As you may have noticed, the first day of Shavuos falls on the fourth day of the week this year. Were any Tziddukim around today, they’d be unhappy. They held that Shavuos must always fall on a Sunday.
There are, however, no Tziddukim left. They, of course, were one of the camps of Jews during the Bayis Sheini period that rejected the Torah Sheb’al Peh, the “Oral Law,” the key to understanding the true meaning of the Torah Shebichsav — explaining, for example that “An eye for an eye” refers to monetary compensation, and that “totafos” refers to what we call tefillin (one of which is worn, moreover, not as the unelucidated passuk seems to state “between your eyes,” but rather above the hairline.)
The Perushim determinedly preserved the Torah Sheb’al Peh, and it is to them that we owe our own knowledge of the mesorah.
The Tziddukim’s insistence on a Sunday Shavuos, though, holds pertinence for the contemporary Jewish world.
Because the Tziddukim invoked support for their position from the Torah Shebichsav, accepting at face value the word “haShabbos” in the phrase “the day after the Shabbos” (when Sefiras HaOmer was to commence). The mesorah teaches us that “Shabbos” in that passuk refers to the first day of Pesach.
But there was also an underlying human rationale to the Tziddukim’s stance. The Gemara explains that their real motivation was their sense of propriety. It would be so pleasing, so proper, they reasoned, at the end of the Omer-counting, to have two days in a row — Shabbos and a Sunday Shavuos — of festivity and prayer.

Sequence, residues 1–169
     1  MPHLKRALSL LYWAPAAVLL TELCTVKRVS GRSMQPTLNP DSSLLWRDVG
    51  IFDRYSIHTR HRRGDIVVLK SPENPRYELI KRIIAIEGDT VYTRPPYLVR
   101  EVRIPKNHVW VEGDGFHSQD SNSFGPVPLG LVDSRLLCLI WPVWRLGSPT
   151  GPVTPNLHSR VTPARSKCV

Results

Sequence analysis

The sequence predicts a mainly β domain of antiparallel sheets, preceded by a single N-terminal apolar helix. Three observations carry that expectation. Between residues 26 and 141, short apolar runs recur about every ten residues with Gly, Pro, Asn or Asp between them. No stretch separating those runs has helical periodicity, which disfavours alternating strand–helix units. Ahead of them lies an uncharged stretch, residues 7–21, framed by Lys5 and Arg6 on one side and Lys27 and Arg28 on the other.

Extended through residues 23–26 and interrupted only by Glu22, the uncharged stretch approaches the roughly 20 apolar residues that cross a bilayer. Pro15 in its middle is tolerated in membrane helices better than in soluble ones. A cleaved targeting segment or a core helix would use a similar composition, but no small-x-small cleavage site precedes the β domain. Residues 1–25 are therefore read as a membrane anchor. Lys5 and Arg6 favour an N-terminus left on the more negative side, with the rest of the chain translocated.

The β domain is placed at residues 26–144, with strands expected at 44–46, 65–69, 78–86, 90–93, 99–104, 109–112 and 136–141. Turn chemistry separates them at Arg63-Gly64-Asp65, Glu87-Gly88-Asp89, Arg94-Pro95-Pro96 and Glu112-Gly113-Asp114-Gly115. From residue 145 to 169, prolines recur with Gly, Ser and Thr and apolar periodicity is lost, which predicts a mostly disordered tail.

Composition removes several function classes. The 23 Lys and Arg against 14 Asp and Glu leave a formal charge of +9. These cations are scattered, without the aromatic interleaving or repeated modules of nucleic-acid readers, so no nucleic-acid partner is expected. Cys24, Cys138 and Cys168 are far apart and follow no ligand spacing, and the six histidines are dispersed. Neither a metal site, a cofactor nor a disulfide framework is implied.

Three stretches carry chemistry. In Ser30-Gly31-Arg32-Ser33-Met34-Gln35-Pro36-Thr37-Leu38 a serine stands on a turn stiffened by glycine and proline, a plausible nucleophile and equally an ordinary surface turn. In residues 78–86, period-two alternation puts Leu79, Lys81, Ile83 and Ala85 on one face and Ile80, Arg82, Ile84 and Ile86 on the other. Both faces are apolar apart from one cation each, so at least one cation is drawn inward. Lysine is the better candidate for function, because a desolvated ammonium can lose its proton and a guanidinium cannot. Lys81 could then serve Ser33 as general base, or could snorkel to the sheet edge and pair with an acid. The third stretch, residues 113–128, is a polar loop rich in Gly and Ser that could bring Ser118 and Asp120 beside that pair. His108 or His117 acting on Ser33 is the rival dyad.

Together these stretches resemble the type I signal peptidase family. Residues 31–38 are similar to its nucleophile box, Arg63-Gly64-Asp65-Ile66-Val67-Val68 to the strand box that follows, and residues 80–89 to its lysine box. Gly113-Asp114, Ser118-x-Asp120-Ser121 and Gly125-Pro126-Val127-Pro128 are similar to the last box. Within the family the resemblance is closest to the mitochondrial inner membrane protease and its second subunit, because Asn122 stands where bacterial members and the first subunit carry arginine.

“Propriety,” in fact, was something of a Tziddukian theme. The group also advocated a change in the Yom Kippur avodah, at the very crescendo of the day, when the Kohen Gadol entered the Kodesh Kodashim. The mesorah prescribes that the ketores, the incense offered there, be set alight only after the Kohen Gadol entered the room. The Tziddukim contended that it be lit beforehand.
“Does one bring raw food to a mortal king,” they argued, “and only then cook it before him? No! One brings it in hot and steaming!”
(Daf Yomi adherents recently learned [115b] about a Tzidduki attempt to indirectly, and improperly, favor a daughter in an inheritance law.)
The placing of mortal etiquette — “what seems appropriate” — above the received truths of the mesorah is the antithesis of the central message of Shavuos itself, when we celebrate Mattan Torah. Our very peoplehood was forged by our forebears’ unanimous and unifying declaration there: “Naaseh v’nishma” — “We will do and we will hear!”
In other words, “We will accept the Torah’s laws even amid a lack of ‘hearing,’ or understanding. Even if it is not our own will. Even if it discomfits us. Even if we feel we have a better idea.”
It’s impossible not to see the relevance of “Naaseh v’nishma” to our current “you do you” world, to contemporary society’s fixation on not only having things but having them “our way,” to developments like a self-described “Orthodox” movement that hijacks the terminology of halachah to subvert it, in an effort to bring it “in line” with contemporary sensibilities.
But from Avraham Avinu’s “ten trials” to 21st- century America, Yiddishkeit has never been about comfort, enjoyment or personal fulfillment (though, to be sure, the latter can surely emerge from a kedushah-centered life). It has been about Torah and mitzvos — about accepting them not only when they sit well with us but even — in fact, especially — when they don’t.
Shavuos is generally treated lightly, if at all, by most American Jews. But its central theme speaks pointedly to them. Naaseh v’nishma reminds us all about the true engine of the Jewish faith and Jewish unity — namely, the realization that Judaism, with apologies to JFK speechwriter Ted Sorenson (mother’s maiden name: Annis Chaikin), is not about what we’d like Hakadosh Baruch Hu to do for us, but rather about what we are privileged to do for Him.